Huber, R.; Scheibehenne, B.; Chapiro, A.; Frey, S.; Sumner, R. W.
2015. WebSci ’15: ACM Web Science Conference, Oxford, United Kingdom, June 28 - July 1, 2015. Ed.: D. De Roure, 1–2, Association for Computing Machinery (ACM). doi:10.1145/2786451.2786507
How outcome dependencies affect decisions under risk.
Andraszewicz, S.; Rieskamp, J.; Scheibehenne, B.
2015. Decision, 2 (2), 127–144. doi:10.1037/dec0000028
Illusionary pattern detection in habitual gamblers.
Wilke, A.; Scheibehenne, B.; Gaissmaier, W.; McCanney, P.; Barrett, H. C.
2014. Evolution and human behavior, 35 (4), 291–297. doi:10.1016/j.evolhumbehav.2014.02.010
Genetic influences on dietary variety - Results from a twin study.
Scheibehenne, B.; Todd, P. M.; van den Berg, S. M.; Hatemi, P. K.; Eaves, L. J.; Vogler, C.
2014. Appetite, 77C, 131–138. doi:10.1016/j.appet.2014.03.001
A hierarchical Bayesian model of the influence of run length on sequential predictions.
Scheibehenne, B.; Studer, B.
2014. Psychonomic bulletin & review, 21 (1), 211–217. doi:10.3758/s13423-013-0469-1
Rigorously testing multialternative decision field theory against random utility models.
Berkowitsch, N. A. J.; Scheibehenne, B.; Rieskamp, J.
2014. Journal of experimental psychology / General, 143 (3), 1331–1348. doi:10.1037/a0035159
Change and status quo in decisions with defaults: The effect of incidental emotions depends on the type of default.
Shevchenko, Y.; Helversen, B. von; Scheibehenne, B.
2014. Judgment and decision making, 9 (3), 287–296
Selecting decision strategies: The differential role of affect.
Scheibehenne, B.; Helversen, B. von.
2014. Cognition & emotion, 29 (1), 158–167. doi:10.1080/02699931.2014.896318
An Introduction to Bayesian Hypothesis Testing for Management Research.
Andraszewicz, S.; Scheibehenne, B.; Rieskamp, J.; Grasman, R.; Verhagen, J.; Wagenmakers, E.-J.
2014. Journal of management, 41 (2), 521–543. doi:10.1177/0149206314560412
Hierarchical Bayesian Modeling: Does it Improve Parameter Stability?.
Scheibehenne, B.; Pachur, T.
2013. Proceedings of the 35th Annual Meeting of the Cognitive Science Society of the 35th Annual Meeting of the Cognitive Science Society. Ed.: M. Knauff, 1277–1282, Cognitive Science Society
Testing adaptive toolbox models: A Bayesian hierarchical approach.
Scheibehenne, B.; Rieskamp, J.; Wagenmakers, E.-J.
2013. Psychological review, 120 (1), 39–64. doi:10.1037/a0030777
Constructing preference from experience: The endowment effect reflected in external information search.
Pachur, T.; Scheibehenne, B.
2012. Journal of experimental psychology / Learning, memory, and cognition, 38 (4), 1108–1116. doi:10.1037/a0027637
Older but not wiser—Predicting a partner’s preferences gets worse with age.
Scheibehenne, B.; Mata, J.; Todd, P. M.
2011. Journal of consumer psychology, 21 (2), 184–191. doi:10.1016/j.jcps.2010.08.001
Expectations of clumpy resources influence predictions of sequential events.
Scheibehenne, B.; Wilke, A.; Todd, P. M.
2011. Evolution and human behavior, 32 (5), 326–333
Dining in the dark. The importance of visual cues for food consumption and satiety.
Scheibehenne, B.; Todd, P. M.; Wansink, B.
2010. Appetite, 55 (3), 710–713. doi:10.1016/j.appet.2010.08.002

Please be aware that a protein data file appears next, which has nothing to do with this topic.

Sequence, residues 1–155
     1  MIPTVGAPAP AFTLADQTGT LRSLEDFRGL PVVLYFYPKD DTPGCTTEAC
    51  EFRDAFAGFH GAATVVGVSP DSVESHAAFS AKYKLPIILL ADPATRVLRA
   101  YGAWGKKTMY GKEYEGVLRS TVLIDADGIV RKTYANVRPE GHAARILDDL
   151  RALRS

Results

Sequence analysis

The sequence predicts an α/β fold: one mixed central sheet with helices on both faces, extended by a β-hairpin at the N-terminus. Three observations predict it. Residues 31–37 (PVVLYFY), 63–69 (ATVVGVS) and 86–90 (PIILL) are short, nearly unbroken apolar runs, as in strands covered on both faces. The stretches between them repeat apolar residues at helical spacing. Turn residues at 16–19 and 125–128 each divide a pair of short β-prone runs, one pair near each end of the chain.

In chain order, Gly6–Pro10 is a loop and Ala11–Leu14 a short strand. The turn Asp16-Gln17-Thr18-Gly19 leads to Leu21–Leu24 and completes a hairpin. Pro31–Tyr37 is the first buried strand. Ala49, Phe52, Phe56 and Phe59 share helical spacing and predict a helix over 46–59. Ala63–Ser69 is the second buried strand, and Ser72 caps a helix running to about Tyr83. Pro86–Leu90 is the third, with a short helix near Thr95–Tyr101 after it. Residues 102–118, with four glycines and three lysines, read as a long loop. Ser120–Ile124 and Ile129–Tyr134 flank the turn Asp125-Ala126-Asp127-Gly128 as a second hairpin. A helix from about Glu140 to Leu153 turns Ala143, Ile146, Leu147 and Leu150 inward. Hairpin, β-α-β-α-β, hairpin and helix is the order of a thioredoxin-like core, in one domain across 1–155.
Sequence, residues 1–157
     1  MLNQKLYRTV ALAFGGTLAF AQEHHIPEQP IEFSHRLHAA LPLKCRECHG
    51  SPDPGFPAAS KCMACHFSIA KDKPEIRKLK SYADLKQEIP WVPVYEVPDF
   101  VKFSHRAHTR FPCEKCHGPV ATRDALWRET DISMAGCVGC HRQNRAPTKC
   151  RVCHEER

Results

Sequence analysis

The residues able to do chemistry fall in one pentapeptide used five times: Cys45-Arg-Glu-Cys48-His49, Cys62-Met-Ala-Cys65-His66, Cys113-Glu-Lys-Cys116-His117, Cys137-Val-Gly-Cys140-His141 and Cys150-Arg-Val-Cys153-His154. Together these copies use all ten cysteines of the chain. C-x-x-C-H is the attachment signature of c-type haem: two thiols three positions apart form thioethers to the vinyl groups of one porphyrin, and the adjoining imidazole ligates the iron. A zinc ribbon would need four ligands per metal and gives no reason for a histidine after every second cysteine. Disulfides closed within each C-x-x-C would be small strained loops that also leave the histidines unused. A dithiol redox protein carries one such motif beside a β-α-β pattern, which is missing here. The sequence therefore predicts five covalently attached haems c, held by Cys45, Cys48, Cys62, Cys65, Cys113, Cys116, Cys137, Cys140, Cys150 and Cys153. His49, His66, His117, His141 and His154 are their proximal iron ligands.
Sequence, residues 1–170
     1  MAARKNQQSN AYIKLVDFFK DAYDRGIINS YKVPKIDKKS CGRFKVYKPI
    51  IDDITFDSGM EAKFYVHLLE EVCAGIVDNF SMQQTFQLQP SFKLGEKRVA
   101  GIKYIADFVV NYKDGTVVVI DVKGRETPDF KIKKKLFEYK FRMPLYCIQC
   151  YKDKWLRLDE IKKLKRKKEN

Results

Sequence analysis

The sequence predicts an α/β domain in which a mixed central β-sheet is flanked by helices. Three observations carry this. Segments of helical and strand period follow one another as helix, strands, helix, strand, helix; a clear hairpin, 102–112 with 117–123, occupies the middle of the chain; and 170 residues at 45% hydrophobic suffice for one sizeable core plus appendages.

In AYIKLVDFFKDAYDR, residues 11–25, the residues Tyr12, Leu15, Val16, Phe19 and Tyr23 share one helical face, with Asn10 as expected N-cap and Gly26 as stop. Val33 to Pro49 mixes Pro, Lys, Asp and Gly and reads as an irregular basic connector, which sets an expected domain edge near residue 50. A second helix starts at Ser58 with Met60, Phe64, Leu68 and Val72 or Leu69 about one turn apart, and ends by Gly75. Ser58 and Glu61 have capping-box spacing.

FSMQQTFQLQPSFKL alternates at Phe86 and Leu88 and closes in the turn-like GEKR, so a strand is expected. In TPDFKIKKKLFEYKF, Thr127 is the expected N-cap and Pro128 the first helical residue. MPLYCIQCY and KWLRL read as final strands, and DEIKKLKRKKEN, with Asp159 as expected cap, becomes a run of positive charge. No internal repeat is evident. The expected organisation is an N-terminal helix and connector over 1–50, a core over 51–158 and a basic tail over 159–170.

Can There Ever Be Too Many Options? A Meta-Analytic Review of Choice Overload.
Scheibehenne, B.; Greifeneder, R.; Todd, P. M.
2010. Journal of consumer research, 37 (3), 409–425. doi:10.1086/651235
Less may be more when choosing is difficult: Choice complexity and too much choice.
Greifeneder, R.; Scheibehenne, B.; Kleber, N.
2010. Acta psychologica, 133 (1), 45–50. doi:10.1016/j.actpsy.2009.08.005
(When) Does Choice Overload Occur? - a Meta-Analysis.
Scheibehenne, B.; Greifeneder, R.; Todd, P. M.
2010. Advances in consumer research, 37, 499
A Bayesian Antidote Against Strategy Sprawl.
Scheibehenne, B.; Rieskamp, J.
2010. Proceedings of the Annual Meeting of the Cognitive Science Society, 32, 1910–1915
Cognitive Models of Choice: Comparing Decision Field Theory to the Proportional Difference Model.
Scheibehenne, B.; Rieskamp, J.; González-Vallejo, C.
2009. Cognitive science, 33 (5), 911–939. doi:10.1111/j.1551-6709.2009.01034.x
What moderates the too-much-choice effect?.
Scheibehenne, B.; Greifeneder, R.; Todd, P. M.
2009. Psychology & marketing, 26 (3), 229–253. doi:10.1002/mar.20271
Introduction to the special issue on assortment structure and choice.
Scheibehenne, B.; Todd, P. M.
2009. Psychology & marketing, 26 (3), 195–196. doi:10.1002/mar.20267
Useful Heuristics.
Scheibehenne, B.; Helversen, B. von.
2009. Making Essential Choices with Scant Information Front-End Decision Making in Major Projects. Ed.: T. Williams, 195–212, Palgrave Macmillan. doi:10.1057/9780230236837
Eaters In The Dark: The Primacy of Cognitive Factors For Food Consumption And Satiety.
Scheibehenne, B.; Todd, P. M.; Wansink, B.
2009. Proceedings of the Annual Meeting of the Cognitive Science Society, 31, 2095–2099
Predicting children’s meal preferences: How much do parents know?.
Mata, J.; Scheibehenne, B.; Todd, P. M.
2008. Appetite, 50 (2-3), 367–375. doi:10.1016/j.appet.2007.09.001
Fast and frugal food choices: Uncovering individual decision heuristics.
Scheibehenne, B.; Miesler, L.; Todd, P. M.
2007. Appetite, 49 (3), 578–589. doi:10.1016/j.appet.2007.03.224
Predicting Wimbledon 2005 tennis results by mere player name recognition.
Scheibehenne, B.; Bröder, A.
2007. International journal of forecasting, 23 (3), 415–426. doi:10.1016/j.ijforecast.2007.05.006